On Friday, I went to the University of Chicago Class of 1983 dinner hosted by the university's president, Robert Zimmer, and his wife. I don't know what possessed me to sign up for it, which I did before I knew that any of my friends would be there. Aware that I would know at least two people, I managed not to back out.
First, there was the question of dress. My wardrobe, suitable for a reclusive life, lacks style and variation. I had a vague idea that this might be a dress occasion, but wasn't sure. One of my friends called to ask, "What are you wearing? I heard that people get dressed up, but I also heard some wear jeans." By then I'd already decided on slacks and my dragonfly blouse—dress casual, more or less. I figured that if I were the most underdressed person there, those who remembered me would not have expected anything else.
I didn't expect to recall anyone outside my immediate circle, which was very tiny, and perhaps a few people from the dorm. As I peered at name tags during the reception, I was surprised by how many of those names, if not faces, jogged my memory—possibly more names than I remember from high school. I also ran into the man I'd sat next to at graduation. I mentioned that we'd laughed together at President Hanna Holborn Gray's ponderous delivery of her speech. Then she seemed ancient; in reality, she was only 53—six years older than we are now. How time changes your perspective.
When I'd gone to my 10- and 20-year high school reunions, I'd been fascinated by how much people had aged even in 10 years, how many men had lost most of their hair, and how many people had added padding. The combination of sedentary occupations, relative affluence, packaged and prepared food, and complacency seem to age the body in that way, turning even lean teenagers into rounded adults. I observed this on Friday, but I was also struck by how few were significantly gray—L'Oréal for women, Grecian Formula for men?—and by how few of the men were bald.
At these reunions, I've also seen wide variety in the rate at which people age. A few people at my 20th high school reunion looked 10 years older than everyone else. I don't mean aging caused by exposure to the elements, like lines, leathery skin, and powdery look that come from being in the sun. Some facial structures simply seem to succumb more rapidly to gravity.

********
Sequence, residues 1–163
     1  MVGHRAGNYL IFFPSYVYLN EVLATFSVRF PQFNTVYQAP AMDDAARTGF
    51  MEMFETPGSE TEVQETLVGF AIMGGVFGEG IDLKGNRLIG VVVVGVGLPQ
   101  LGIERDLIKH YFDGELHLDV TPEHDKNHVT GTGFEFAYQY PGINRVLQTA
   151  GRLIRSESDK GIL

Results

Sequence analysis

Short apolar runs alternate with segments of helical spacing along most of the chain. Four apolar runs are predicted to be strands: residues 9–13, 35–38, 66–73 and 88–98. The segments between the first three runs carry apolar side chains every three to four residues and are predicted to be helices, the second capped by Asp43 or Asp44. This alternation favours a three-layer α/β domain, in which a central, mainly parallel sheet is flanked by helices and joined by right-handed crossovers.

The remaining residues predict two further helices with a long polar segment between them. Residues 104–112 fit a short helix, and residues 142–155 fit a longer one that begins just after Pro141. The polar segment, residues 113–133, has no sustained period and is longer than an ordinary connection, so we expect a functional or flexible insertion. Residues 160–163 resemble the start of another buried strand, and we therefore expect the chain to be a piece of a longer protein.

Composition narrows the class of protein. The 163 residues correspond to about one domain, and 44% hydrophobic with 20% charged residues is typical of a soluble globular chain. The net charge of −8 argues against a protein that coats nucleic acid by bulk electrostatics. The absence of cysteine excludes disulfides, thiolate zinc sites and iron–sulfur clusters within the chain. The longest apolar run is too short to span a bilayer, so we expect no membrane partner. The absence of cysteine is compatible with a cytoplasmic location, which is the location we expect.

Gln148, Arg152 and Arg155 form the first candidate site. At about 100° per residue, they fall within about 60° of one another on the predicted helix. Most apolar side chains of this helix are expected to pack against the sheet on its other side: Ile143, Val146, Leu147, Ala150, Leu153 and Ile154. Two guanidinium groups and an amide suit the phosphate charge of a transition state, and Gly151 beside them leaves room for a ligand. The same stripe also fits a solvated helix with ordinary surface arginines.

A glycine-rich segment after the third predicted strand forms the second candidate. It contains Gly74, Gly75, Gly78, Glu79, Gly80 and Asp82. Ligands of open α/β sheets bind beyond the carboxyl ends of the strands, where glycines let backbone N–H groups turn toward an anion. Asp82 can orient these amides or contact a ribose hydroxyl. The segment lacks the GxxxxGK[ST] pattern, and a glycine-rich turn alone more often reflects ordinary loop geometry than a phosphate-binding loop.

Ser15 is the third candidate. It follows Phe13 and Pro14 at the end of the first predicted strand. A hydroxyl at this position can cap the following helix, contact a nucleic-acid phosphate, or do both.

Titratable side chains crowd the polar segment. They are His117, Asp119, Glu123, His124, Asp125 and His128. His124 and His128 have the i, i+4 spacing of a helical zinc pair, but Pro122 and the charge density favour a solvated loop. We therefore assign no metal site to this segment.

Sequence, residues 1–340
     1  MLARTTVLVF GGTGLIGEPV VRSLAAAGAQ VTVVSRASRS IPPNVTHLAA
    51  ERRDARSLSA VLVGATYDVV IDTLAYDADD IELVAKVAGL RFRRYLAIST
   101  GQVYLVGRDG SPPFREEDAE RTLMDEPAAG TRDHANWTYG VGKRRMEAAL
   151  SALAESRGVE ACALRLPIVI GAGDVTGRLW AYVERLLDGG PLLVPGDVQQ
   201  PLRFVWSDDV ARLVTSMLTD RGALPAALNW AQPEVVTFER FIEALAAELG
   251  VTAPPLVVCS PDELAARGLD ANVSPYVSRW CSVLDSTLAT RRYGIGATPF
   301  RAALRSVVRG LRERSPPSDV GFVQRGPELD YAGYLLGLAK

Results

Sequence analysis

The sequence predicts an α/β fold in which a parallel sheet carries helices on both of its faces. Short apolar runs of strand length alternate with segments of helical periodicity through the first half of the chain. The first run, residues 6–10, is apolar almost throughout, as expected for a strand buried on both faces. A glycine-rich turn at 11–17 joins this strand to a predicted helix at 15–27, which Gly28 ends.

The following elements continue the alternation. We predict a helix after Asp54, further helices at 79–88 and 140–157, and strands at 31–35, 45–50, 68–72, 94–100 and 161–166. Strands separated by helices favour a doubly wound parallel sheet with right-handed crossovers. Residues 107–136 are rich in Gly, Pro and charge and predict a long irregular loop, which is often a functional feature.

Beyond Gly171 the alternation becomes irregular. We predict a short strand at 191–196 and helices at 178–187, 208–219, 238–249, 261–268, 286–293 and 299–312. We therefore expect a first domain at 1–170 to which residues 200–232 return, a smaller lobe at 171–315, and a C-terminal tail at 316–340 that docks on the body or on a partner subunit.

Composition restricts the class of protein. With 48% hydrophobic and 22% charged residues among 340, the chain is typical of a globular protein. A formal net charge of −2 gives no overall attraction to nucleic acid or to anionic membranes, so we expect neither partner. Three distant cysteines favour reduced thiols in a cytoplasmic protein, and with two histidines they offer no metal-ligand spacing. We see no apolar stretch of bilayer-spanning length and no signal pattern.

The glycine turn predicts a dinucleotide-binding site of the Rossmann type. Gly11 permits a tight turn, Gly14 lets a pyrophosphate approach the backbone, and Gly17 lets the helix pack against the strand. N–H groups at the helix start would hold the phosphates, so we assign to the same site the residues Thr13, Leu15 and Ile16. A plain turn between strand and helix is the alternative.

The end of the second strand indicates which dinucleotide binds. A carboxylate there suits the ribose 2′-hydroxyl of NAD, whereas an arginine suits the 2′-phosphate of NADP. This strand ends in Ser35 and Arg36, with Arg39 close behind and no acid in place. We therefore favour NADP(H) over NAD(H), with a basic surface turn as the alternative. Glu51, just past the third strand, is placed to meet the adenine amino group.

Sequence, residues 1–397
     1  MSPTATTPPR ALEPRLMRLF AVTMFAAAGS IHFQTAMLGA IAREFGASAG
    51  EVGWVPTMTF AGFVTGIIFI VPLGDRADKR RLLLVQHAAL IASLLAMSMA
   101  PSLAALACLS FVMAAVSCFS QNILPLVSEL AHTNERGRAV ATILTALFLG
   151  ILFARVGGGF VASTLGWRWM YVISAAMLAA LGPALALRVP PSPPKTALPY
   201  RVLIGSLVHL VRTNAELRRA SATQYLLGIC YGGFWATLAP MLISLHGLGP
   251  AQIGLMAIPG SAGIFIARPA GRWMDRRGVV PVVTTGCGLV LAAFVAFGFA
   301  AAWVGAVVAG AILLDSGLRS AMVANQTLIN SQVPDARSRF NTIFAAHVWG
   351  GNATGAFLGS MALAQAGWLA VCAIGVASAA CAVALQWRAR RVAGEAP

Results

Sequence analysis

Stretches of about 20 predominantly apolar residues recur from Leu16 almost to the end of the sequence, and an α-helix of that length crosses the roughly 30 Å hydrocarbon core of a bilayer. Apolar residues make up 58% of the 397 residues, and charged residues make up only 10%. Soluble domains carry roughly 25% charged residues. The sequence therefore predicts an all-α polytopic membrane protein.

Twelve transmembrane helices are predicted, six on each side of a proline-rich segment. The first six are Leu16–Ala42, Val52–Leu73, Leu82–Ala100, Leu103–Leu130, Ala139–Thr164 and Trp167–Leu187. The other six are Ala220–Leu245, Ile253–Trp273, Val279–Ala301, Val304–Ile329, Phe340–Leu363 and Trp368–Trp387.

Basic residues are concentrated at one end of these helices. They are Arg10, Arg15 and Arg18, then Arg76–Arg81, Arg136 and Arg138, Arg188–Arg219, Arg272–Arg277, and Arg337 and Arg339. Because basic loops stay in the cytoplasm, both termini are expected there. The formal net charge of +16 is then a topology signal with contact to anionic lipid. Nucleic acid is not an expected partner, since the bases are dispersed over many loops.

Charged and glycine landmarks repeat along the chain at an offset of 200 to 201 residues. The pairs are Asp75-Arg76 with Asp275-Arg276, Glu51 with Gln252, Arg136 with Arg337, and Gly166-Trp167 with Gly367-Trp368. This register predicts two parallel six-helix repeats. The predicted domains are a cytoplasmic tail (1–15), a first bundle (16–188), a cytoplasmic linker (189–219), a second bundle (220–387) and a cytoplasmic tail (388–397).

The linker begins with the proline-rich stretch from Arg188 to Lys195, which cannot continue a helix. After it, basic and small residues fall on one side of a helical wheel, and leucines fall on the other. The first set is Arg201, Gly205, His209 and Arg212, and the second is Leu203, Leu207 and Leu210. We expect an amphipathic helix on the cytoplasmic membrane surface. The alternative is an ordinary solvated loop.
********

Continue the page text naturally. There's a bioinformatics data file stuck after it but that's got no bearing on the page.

I noticed this, too, at the reception. Between mature stoutness and aging of the face, some looked very mature. On the other hand, I recognized a woman at my table instantly—not someone I had known personally, but someone who had lived in the upper house—simply because she had changed so little. At least in the light of the tent, her fair complexion was unlined and firm, and she had avoided putting on that bit of padding that can make one look uncomfortable in one’s own skin.
At 10th reunions, people seem to fear comparison—that they will feel ashamed of their lack of accomplishments,t that their career or title is not lofty enough, or that they won't measure up in some way, especially to people perceived as popular overachievers, who in turn may feel that they haven't lived up to their promise or expectations.
After 25 years (and probably much sooner), people have accepted who they are and what they have done; status matters less. A few classmates provided biographies listing impressive careers or academic or social recognition, but the talk at my table was mostly about shared memories—late-night runs to Harold's Chicken, relationships, apartment living after the dorm, and restaurants and bars.
I remembered one man across from me, too far away to talk to, as well liked, although I didn't know him. Afterward, he came around to say he was sorry that we didn't get to talk during dinner. When I said I recalled him although I was sure he must not know me, he said that of course he did. I was skeptical, but he seemed so sincere that I understand why he is liked.
I don't have a lot of memories in common with anyone. I didn't go out much or explore the neighborhood, I didn't have many friends, and I didn't participate in much of the social or academic life. Years later I finally understood what life there could have been for me and how I could have grown had I been more sophisticated and outgoing, and less overwhelmed and depressed.
As we were waiting for our ride, I mentioned that, during my first year, I had attended a sherry hour with Eudora Welty as the guest of honor. Perhaps sensing my discomfort, she took a shine to me and spent a significant amount of time talking to me. That conversation should be engraved on my brain and heart, but it isn't; at the time I didn't know who she was. As odd as that sounds, it's true. I knew that she was a writer, but that's all. Later I understood that I had received once-in-a-lifetime encouragement in literature from an American writer whose stature might equal that of, say, a Brontë or even Austen, and I hadn't been able to appreciate it.
That anecdote sums up my college experience. I had countless opportunities to hear from world-renowned intellectuals and influencers, and I frittered them away out of ignorance.
The day after I asked one of my friends if she noticed how things that had seemed so important then had proven to be insignificant and how the angst over them now seems almost silly. Her response didn't answer my question, but it echoed a page in the memory book. She said she had come here as one of the top students in her school only to find herself one among many and that she kept challenging herself. I didn't really quite follow the rest, but I felt a similar sense of opportunities not understood or not taken.
Will I go again in five years? I am more likely to, if I can. I don't want to keep making the same mistakes.